It’s very velocity-oriented. It’s definitely a rock thing, but there’s an edge that’s not hardcore or metalcore. Point blank: Are Sleepwave a reaction to Underoath?
I haven’t done any interviews about this band; I haven’t even been able to talk about it—it’s been torture. Lets go back to Underoath, the era of Lost In The Sound Of Separation. With Define The Great Line, we were all hitting on the same page, and everyone was pumped. But by the time Lost In The Sound Of Separation came, Aaron [Gillespie, vocals/drums] wanted to sing more parts, and I wanted to sing more and not scream as much. It wasn’t a big butting of heads, but with the music we were writing, neither one lent to it. Aaron’s one of my best friends in the entire world, and we were sitting in the car working on songs. We were just like, “Whatever, we do what we do, and we do it well.” And it just got brushed under the rug. After that record, I started writing a little bit when I’d come home from tours. I play guitar, bass, piano, drums. I love being on the computer and programing shit. I do just about everything I can do; I’ve been a musician my entire life, you know? So I came home, and I had a song I had written on an acoustic guitar. It had some piano and really pretty vocals, and it kind of had more of a Radiohead/Coldplay vibe to it. I had my other friend come play drums. We went to my best friend, who has a studio in his house, and we tracked the song. About a third of the way through the vocals, it was late and I went home—we had done all this stuff in one day. I came back the next day, and I got him to highlight the entire session and I pushed “delete” on his keyboard. And he was like, “What are you doing?” I was like, “Give me a couple days, and I’m going to come back.”
I sat home and I was so mad at myself because at this point in my life, I thought I’d at least finish a solo record while Underoath were going—there wasn’t even a question of us breaking up. I was like, “This is just so dumb.” I couldn’t picture myself onstage at 40, playing with Underoath, but I also couldn’t picture myself onstage right now playing soft rock. I’m very easygoing; I’m nice; I’m not really the kind of pissed-off person who runs around with a chip on my shoulder and gets in fights. But there’s this aggressive part of me that I only get out in music that I love, and I love the way it sounds and feels. There’s this darkness that has to come out, this energy. Before I wrote the first track for Sleepwave, I was like, “I am not Underoath. That doesn’t define me. That’s part of who I am, and that’s part of my life. But I’m not that music, and I’m not this music. But what I am is this energy.” Energy has to come out of me. I’m a performer and a songwriter, but my favorite thing is when I’m onstage. I need that release. When I go really long without it, I start to act different. I sat there and thought, “Well, I don’t wanna play metal, I don’t wanna scream, I don’t wanna right anymore riffs, I don’t wanna sit here and write all of these Underoath-style riffs.” I kept wondering, “Why don’t I go drive to see Converge anymore when they play 15 minutes away, but I’ll drive six hours to see Alice In Chains?” Why do I keep going back to see these bands that I grew up on? Is it because I grew up on them? Or is it because that is part of me? Why are all these other things I got into just little phases in my life, and I always go back to the same thing?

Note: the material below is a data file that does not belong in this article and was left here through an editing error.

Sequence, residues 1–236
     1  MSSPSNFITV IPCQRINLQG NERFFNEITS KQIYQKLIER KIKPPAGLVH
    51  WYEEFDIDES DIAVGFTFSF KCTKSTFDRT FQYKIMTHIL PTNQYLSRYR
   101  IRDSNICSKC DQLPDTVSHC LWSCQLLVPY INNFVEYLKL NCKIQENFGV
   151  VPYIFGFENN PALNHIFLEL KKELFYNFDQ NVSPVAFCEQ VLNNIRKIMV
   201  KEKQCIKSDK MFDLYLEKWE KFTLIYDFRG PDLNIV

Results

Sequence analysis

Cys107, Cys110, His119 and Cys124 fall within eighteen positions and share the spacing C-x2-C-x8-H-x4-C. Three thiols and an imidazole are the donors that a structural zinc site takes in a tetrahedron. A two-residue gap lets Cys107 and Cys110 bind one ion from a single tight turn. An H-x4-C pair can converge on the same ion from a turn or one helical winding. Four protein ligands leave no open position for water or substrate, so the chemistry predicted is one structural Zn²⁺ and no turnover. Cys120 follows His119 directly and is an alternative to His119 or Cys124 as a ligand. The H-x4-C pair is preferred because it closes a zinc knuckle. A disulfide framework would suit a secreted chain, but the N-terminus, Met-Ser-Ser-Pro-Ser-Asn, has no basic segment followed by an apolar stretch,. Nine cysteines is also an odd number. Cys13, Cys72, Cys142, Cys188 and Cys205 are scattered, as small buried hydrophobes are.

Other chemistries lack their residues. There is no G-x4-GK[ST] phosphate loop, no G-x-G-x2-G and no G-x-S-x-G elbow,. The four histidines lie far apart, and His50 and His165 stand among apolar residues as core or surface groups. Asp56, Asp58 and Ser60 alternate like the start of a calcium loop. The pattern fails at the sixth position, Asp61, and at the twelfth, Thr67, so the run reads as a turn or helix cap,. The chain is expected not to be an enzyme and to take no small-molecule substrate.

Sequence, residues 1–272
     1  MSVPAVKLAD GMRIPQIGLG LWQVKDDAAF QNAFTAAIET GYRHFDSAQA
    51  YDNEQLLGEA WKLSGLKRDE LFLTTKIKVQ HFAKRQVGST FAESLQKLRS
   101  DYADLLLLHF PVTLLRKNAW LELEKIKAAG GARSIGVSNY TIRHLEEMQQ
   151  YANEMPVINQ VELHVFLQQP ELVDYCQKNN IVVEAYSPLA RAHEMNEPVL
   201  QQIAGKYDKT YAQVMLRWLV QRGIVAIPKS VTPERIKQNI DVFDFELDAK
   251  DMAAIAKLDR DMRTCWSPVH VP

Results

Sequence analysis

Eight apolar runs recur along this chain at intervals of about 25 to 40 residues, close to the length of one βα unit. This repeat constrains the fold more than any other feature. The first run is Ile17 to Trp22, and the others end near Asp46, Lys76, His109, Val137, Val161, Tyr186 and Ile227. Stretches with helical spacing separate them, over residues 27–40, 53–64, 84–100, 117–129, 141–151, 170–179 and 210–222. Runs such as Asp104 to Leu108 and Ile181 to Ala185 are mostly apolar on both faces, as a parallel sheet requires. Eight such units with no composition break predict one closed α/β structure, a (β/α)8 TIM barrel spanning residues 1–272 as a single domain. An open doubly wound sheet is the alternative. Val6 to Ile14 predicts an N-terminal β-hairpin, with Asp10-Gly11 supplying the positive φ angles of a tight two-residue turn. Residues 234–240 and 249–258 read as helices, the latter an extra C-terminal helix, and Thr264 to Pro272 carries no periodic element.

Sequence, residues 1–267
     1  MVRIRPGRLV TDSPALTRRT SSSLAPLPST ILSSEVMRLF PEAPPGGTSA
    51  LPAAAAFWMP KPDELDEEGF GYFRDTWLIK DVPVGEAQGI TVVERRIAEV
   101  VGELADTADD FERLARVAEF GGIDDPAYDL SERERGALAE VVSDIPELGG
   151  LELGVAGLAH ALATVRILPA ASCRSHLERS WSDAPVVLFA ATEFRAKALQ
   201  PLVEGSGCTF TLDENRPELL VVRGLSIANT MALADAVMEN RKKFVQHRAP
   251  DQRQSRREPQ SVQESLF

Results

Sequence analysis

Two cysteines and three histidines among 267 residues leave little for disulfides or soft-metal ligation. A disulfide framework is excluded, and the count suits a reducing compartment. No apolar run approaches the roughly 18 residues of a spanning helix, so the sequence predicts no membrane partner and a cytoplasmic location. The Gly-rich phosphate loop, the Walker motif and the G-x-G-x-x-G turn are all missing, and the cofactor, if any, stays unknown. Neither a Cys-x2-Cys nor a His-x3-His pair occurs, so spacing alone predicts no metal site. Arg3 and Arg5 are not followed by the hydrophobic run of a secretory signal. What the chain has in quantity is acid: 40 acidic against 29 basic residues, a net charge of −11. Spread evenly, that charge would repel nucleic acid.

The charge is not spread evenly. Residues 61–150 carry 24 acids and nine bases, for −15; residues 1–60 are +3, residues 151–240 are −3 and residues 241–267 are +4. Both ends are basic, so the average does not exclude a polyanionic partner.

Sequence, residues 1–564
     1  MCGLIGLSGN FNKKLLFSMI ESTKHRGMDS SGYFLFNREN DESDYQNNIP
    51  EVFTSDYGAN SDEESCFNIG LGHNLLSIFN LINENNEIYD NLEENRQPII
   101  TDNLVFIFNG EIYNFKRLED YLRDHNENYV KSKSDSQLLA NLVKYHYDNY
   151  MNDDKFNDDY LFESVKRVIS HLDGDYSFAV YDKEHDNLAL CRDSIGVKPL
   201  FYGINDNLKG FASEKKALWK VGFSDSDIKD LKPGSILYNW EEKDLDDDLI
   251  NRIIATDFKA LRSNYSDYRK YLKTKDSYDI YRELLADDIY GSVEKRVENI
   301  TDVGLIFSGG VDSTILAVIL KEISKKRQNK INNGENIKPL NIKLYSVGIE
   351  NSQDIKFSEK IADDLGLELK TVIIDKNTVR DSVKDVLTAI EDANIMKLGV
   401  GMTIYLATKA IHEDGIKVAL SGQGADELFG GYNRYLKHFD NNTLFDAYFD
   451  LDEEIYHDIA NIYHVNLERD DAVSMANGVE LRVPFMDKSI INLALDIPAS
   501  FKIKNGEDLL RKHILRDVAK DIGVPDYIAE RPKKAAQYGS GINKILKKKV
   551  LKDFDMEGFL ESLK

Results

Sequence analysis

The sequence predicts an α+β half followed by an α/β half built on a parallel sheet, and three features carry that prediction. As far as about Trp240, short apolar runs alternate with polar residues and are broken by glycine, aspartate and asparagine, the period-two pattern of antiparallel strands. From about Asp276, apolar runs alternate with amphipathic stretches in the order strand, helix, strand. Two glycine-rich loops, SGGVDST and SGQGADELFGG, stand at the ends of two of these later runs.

So I came back to Stephen Bowman, who’s been my best friend forever—when I would have a problem or Underoath got in a fight or something happened on tour, that would be the guy I’d call. I just came in, and I was like, “I don’t wanna do this singer/songwriter thing. I wanna do an energetic rock band.” And we never talked about it ever again. I just wrote riffs and he recorded me and added things. The band is just Stephen and I. Everyone else who plays is hired as a live musician. All of this has been on our own money. I’ve spent every dollar I have to get this band off the ground. That’s probably why it has taken so long and why my fans don’t understand how hard the industry is. No matter what platform you’re jumping off of, it’s still hard to get things right—at least for me. Then I just thought about those songs, and Underoath were going through a point where Disambiguation was out and we were touring. And then all of a sudden, the rug kind of got pulled. At least in my mind, I was kind of shocked they decided we weren’t going to play anymore, we weren’t going to write anymore, we weren’t going to tour anymore—that was it.
When you say “they,” is that the other guys in the band?
Yeah, the other guys in Underoath. To a few of us, it was shock. To other people, it was more their call. Underoath got to a point where certain people weren’t going to be there anymore. I wasn’t going to get up there without Chris [Dudley, synth/programs] or Tim [McTague, guitarist] or someone else, again. That’s probably half the reason why I did Sleepwave on my own: Because I know what it’s like to lose a member. Whether that member wrote or is on a record or not, kids look at it and don’t think it’s the same band. I’ve made it very apparent. At that point, there were about seven to nine months [between the time] Underoath decided we were going to break up and the farewell tour. I basically lost everything I had except for the songs. >>>